High-Tech Rx: Prescription Sunglasses for Fishermen

Insight on prescription lenses from manufacturers who make sunglasses with anglers in mind
High-Tech Rx: Prescription Sunglasses for Fishermen
A damn sight better than the old clip-on flip-ups, prescription-sunglasses technology now makes many styles favored by anglers available in Rx. Courtesy Costa

Polarized sunglasses are as indispensable to anglers as fishing rods, reels, lines and lures. But for the longest time, those whose eyesight wasn’t the sharpest either had to put up with their blurry vision while wearing sunglasses or grin and glare it while fishing with non-polarized prescription lenses.

That has changed over the past few years, and several manufacturers of high-quality polarized sunglasses now offer the same high-quality, custom-made prescription lenses in a high percentage of their various frame styles. They include single vision, bifocal and progressive lenses. And many health- or vision-insurance plans cover ­prescription sunglasses.

High-Tech Rx: Prescription Sunglasses for Fishermen
Increasing orders for prescription lenses have prompted Costa to maintain its own state-of-the-art Rx lab, using Waypoint digital technology. Courtesy Costa

Recent Rx Advances
It used to be that good prescription sunglasses meant glass lenses. The majority of manufacturers now make Rx lenses of polycarbonate plastic, lighter than glass and scratch- and impact-resistant. Manufacturers offer bifocal and progressive lenses for those who need to spot tailing fish in the distance, as well as to see close up to tie knots and thread leader through hook eyes.


The quality of the lenses has improved considerably in recent years, with manufacturers using proprietary labs to ensure that their prescription sunglasses are made to their exact specifications. Years ago, you likely had sunglasses made in an optical store that lacked lens standards.

Costa is one manufacturer that has brought Rx sunglasses back in-house. The company opened its own lab at its Daytona Beach, Florida, headquarters in 2012 after developing its 580 polarized lenses. According to senior marketing manager Terri Osso Hannah, prescriptions with the patented 580 lenses can be made only by Costa.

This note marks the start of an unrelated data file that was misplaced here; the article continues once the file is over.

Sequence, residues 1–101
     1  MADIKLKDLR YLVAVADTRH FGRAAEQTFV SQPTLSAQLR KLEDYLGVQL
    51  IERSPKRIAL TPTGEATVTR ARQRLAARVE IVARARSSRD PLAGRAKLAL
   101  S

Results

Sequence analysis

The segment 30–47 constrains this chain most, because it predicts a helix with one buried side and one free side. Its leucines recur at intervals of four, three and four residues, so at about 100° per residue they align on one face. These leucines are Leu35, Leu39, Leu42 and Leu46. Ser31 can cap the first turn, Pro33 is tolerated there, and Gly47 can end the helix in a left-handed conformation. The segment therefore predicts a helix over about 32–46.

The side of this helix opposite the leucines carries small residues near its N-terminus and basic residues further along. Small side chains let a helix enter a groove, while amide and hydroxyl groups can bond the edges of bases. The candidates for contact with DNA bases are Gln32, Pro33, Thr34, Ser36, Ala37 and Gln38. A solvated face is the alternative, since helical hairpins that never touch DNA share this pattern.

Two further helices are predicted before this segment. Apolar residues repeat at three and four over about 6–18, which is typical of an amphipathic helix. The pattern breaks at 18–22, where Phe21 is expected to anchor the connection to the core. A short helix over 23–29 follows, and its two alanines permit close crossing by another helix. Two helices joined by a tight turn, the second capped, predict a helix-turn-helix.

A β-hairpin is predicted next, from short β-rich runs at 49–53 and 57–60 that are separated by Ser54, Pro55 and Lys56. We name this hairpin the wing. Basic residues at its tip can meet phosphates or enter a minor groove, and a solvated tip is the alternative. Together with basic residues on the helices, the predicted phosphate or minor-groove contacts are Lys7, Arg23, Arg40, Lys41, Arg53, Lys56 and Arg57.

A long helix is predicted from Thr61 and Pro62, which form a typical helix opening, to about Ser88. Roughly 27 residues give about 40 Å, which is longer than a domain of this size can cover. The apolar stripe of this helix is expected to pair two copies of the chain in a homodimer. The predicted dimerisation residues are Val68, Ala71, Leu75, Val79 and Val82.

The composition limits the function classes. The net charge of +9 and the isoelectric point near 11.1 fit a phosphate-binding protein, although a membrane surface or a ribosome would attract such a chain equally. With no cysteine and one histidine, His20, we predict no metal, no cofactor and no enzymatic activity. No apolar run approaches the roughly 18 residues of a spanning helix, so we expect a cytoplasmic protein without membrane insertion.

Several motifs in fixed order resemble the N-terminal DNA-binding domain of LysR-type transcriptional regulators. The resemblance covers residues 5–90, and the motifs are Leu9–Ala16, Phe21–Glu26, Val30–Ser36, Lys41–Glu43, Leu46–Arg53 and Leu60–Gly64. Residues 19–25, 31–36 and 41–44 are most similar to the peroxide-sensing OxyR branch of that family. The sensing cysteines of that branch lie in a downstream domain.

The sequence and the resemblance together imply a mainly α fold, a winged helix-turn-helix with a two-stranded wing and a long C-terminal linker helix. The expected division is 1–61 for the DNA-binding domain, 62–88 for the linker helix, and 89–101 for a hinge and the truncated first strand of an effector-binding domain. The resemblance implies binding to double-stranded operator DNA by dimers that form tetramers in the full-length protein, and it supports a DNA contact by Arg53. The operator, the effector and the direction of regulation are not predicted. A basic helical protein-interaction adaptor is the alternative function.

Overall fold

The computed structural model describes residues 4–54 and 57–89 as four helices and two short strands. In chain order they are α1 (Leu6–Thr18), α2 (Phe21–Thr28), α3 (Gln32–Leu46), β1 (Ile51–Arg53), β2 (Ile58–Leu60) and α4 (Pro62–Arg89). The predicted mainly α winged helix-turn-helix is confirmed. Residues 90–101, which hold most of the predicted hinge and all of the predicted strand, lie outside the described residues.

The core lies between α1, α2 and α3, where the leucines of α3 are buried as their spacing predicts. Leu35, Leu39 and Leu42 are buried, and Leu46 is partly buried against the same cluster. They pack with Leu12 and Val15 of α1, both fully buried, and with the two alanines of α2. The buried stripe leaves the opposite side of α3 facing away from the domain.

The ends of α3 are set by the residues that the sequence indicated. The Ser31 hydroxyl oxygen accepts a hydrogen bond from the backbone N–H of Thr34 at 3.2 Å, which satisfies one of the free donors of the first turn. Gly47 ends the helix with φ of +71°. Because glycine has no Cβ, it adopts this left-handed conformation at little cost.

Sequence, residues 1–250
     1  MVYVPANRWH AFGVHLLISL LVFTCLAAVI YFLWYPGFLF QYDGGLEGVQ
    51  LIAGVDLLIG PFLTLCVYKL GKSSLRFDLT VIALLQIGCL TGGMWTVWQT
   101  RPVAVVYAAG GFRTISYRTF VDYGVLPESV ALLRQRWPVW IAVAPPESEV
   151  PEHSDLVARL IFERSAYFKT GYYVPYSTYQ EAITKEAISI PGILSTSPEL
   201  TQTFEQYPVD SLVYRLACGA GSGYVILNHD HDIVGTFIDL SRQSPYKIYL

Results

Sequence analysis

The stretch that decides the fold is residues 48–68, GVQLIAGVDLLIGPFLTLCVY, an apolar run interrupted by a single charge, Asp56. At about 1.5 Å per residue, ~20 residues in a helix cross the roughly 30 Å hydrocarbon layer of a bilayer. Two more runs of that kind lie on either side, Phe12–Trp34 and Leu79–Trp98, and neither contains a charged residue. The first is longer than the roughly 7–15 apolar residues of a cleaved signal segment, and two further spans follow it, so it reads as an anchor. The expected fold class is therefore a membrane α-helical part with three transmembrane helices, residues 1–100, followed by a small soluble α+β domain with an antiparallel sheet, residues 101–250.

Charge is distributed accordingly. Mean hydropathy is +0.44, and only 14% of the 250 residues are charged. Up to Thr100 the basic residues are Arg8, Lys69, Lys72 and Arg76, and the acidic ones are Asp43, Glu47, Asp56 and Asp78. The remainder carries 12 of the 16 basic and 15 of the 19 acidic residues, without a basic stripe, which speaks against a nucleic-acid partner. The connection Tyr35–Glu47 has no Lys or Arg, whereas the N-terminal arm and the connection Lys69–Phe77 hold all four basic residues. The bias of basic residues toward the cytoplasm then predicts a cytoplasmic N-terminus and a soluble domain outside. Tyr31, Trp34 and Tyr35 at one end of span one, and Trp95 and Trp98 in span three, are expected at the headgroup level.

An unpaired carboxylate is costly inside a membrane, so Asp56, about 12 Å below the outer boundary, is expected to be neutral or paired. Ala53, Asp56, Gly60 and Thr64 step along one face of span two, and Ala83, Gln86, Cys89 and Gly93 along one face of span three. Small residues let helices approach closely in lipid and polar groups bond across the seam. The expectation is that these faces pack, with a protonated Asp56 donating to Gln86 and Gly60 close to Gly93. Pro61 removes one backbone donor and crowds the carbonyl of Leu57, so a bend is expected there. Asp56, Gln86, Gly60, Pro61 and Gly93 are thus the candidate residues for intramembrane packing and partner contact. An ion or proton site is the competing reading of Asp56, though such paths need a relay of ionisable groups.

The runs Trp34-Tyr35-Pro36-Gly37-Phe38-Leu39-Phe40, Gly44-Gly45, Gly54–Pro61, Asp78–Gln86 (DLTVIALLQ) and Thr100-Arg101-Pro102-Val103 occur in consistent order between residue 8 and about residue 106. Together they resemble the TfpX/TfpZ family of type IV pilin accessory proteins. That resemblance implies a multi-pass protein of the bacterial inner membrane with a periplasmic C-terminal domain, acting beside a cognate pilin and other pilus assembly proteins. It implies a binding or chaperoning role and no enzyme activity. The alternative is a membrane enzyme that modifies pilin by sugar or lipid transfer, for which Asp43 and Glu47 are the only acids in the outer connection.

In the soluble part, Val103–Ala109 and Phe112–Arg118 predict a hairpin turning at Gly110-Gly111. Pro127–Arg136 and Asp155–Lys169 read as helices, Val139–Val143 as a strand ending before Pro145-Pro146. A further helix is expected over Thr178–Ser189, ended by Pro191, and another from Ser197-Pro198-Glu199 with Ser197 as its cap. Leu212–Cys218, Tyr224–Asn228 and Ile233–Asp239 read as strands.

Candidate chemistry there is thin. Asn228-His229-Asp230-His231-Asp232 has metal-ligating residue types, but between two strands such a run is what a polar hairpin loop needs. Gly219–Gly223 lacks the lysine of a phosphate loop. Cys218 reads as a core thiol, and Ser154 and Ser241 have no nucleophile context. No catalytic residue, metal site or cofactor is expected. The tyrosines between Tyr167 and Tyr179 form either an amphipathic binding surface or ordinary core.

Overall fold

“We always want to make sure our prescription glasses match our non‑prescription glasses,” she says, adding that orders for prescription sunglasses have significantly increased.


Wiley X, which got its start more than 30 years ago making ­protective eyewear for the military and law enforcement, has its prescription sunglasses lenses made at its proprietary lab in California. The lab specializes in crafting lenses for the company’s high-wrap frames. Like Wiley X’s regular lenses, the prescription lenses meet the ANSI Z87.1 safety standard for high-velocity and high‑mass impact.

“It’s a little bit trickier to put our lenses into a prescription, but the lab has a lot of experience with those high wraps,” senior marketing manager Leslie Duprey, says, adding that the lab also does something called digital edge thinning to make the lenses exceptionally thin, and “the result is a much clearer prescription.”

High-Tech Rx: Prescription Sunglasses for Fishermen
Precision processing of prescription lenses leaves lens pieces and plastic shavings in large piles. Courtesy Costa

The Prescription Process
Manufacturers generally sell their prescription sunglasses through optical stores. You get your prescription and go to a store that carries the brand you like and have that retailer order the frames and lenses you want. You can find optical stores that sell prescription Costa sunglasses at


Hannah says that when Costa receives an order, it is processed on site and shipped to the optical store, a process that takes anywhere from five to seven working days for polycarbonate lenses and up to 10 days for glass lenses. Costa etches its lenses with the Costa logo and 580, and includes an authenticity card so the buyer knows Costa made the glasses.